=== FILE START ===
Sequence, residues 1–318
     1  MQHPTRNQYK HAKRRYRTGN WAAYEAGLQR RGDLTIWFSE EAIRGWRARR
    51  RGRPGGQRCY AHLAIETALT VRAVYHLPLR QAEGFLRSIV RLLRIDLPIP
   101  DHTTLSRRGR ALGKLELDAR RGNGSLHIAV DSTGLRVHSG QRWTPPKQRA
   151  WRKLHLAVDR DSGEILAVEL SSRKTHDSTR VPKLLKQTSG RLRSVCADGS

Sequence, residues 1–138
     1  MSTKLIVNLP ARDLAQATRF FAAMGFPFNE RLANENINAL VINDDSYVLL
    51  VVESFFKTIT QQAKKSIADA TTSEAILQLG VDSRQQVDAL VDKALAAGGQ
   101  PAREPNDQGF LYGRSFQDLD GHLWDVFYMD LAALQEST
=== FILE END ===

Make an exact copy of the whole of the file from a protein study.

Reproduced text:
Sequence, residues 1–318
     1  MQHPTRNQYK HAKRRYRTGN WAAYEAGLQR RGDLTIWFSE EAIRGWRARR
    51  RGRPGGQRCY AHLAIETALT VRAVYHLPLR QAEGFLRSIV RLLRIDLPIP
   101  DHTTLSRRGR ALGKLELDAR RGNGSLHIAV DSTGLRVHSG QRWTPPKQRA
   151  WRKLHLAVDR DSGEILAVEL SSRKTHDSTR VPKLLKQTSG RLRSVCADGS

Sequence, residues 1–138
     1  MSTKLIVNLP ARDLAQATRF FAAMGFPFNE RLANENINAL VINDDSYVLL
    51  VVESFFKTIT QQAKKSIADA TTSEAILQLG VDSRQQVDAL VDKALAAGGQ
   101  PAREPNDQGF LYGRSFQDLD GHLWDVFYMD LAALQEST